7. ^ Ruymbeke (2016). Kashefi's Anvar-e Sohayli, p. 292.
  8. ^ a b Takeda (2011)
  9. ^ Eastwick (1854), pp. 133–134: "The Scorpion answered, ‘God forbid that sentiments like these should approach my mind in the whole course of my life or should have ever done so! It is nothing more than this, that my nature instigates me to sting, whether I wound the back of a friend or the breast of a foe.
    The tortoise reflected thus, ‘Truly have the sages said that to cherish a base character is to give one's own honor to the wind, and to involve one’s own self in embarrassment.’"
  10. ^ Dutton (1908). The Tortoise and the Geese, pp. 12-13.
  11. ^ a b Giancarlo Livraghi (March 2007). "The Scorpion and the Frog". gandalf.it. Retrieved February 25, 2020.
  12. ^ Takeda (2011): German: Die Moral der Fabel besagt: Manche Menschen handeln von Natur aus mörderisch und selbst-mörderisch zugleich., lit.'The moral of the fable says: Some people act naturally murderous and self-murderous at the same time.'
  13. ^ Lasine (2012). Weighing Hearts, p. 110.
  14. ^ Passeron (2001), section VI, paragraph 101.
  15. ^ Dutton (2012), chpt. 1
  16. ^ Bazin et al. (1958). "Interview with Orson Welles", p. 24: French: "Le but de cette histoire est de dire que l'homme qui déclare à la face du monde: je suis comme je suis, c'est à prendre ou à laisser, que cet homme a une sorte de dignité tragique. [...] J'aime toujours qu'un homme avoue être un salaud, un meurtrier, ou tout ce que vous voudrez, et me dise: j'ai tué trois personnes. C'est immédiatement mon frère, parce qu'il est franc. Je pense que la franchise n'excuse pas le crime, mais elle le rend très attirant, elle lui donne du charme."
  17. ^ Wasson (2011). A Splurch in the Kisser, p. 296.
  18. ^ Norman N. Holland. "Neil Jordan, The Crying Game, 1992". A Sharper Focus. Retrieved March 19, 2020.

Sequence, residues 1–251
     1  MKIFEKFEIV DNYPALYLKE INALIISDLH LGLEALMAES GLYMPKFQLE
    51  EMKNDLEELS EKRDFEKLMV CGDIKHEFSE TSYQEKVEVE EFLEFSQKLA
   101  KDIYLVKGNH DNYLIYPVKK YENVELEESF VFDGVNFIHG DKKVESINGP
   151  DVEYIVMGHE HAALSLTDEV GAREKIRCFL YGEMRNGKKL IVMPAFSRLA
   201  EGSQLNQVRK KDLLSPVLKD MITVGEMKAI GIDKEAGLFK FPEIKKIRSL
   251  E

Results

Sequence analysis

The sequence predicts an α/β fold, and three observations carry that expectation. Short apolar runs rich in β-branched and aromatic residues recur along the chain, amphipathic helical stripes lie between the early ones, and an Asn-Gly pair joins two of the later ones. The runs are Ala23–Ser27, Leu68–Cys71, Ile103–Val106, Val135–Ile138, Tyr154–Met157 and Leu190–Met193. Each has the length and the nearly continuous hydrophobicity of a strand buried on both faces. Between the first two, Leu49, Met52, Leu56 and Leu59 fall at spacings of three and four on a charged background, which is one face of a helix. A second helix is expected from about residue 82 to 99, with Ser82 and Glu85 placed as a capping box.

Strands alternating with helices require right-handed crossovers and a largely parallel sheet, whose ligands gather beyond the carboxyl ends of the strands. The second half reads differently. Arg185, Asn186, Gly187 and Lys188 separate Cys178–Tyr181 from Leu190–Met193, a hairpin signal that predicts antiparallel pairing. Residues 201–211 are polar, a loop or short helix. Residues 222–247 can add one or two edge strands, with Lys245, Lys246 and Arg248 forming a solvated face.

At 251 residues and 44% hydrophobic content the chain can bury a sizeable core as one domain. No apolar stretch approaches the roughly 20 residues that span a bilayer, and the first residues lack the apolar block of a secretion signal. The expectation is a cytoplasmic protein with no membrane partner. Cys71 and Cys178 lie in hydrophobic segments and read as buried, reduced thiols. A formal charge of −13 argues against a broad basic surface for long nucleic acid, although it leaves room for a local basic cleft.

19. ^ Peter Canavese (September 16, 2011). "Review: 'Drive'". Mountain View Voice. Retrieved March 19, 2020.
  20. ^ Lenika Cruz (August 17, 2012). "How the Creators of The Devil's Carnival Said 'Screw You' to Hollywood and Gained a Cult Following". LA Weekly. Retrieved July 23, 2020.
  21. ^ As Grimm Fairy Tales #39 (June 2009). Zenescope Entertainment.
  22. ^ 1997's "Scorpion" episode of Star Trek: Voyager; 2005's episode 1, Season 6 of Gilmore Girls; 2006's episode 2, Season 2 of How I Met Your Mother; 2016's episode 5, Season 4 of Motive; 2017's episode 8, Season 13 of Supernatural; 2019's episode 10, Season 2 of Teen Wolf.
  23. ^ Maurice Saatchi (May 29, 2007). "Google data versus human nature". Financial Times. Retrieved March 19, 2020.
  24. ^ Ryan Ellis (April 24, 2015). "The Scorpion And The Frog: A Tale Of Modern Capitalism". Forbes. Retrieved March 20, 2020.
  25. ^ Murray Forseter (June 9, 2017). "GOP Effort to Control Trump Is the Embodiment of the Fable "The Scorpion and the Frog"". HuffPost. Retrieved March 19, 2020.
  26. ^ Anon. "Compromise is still seen as surrender". The Daily Telegraph. Archived from the original on February 26, 2016. Retrieved March 19, 2020.
  27. ^ Patrick Kiker (July 16, 2006). "...Because It's The Middle East". CBS News. Retrieved March 19, 2020.
  28. ^ United Nations (June 29, 2017). "Accord on Iran's Nuclear Programme Remains on Track, Political Affairs Chief Tells Security Council". United Nations, SC/12894. Retrieved March 19, 2020.

BibliographyEdit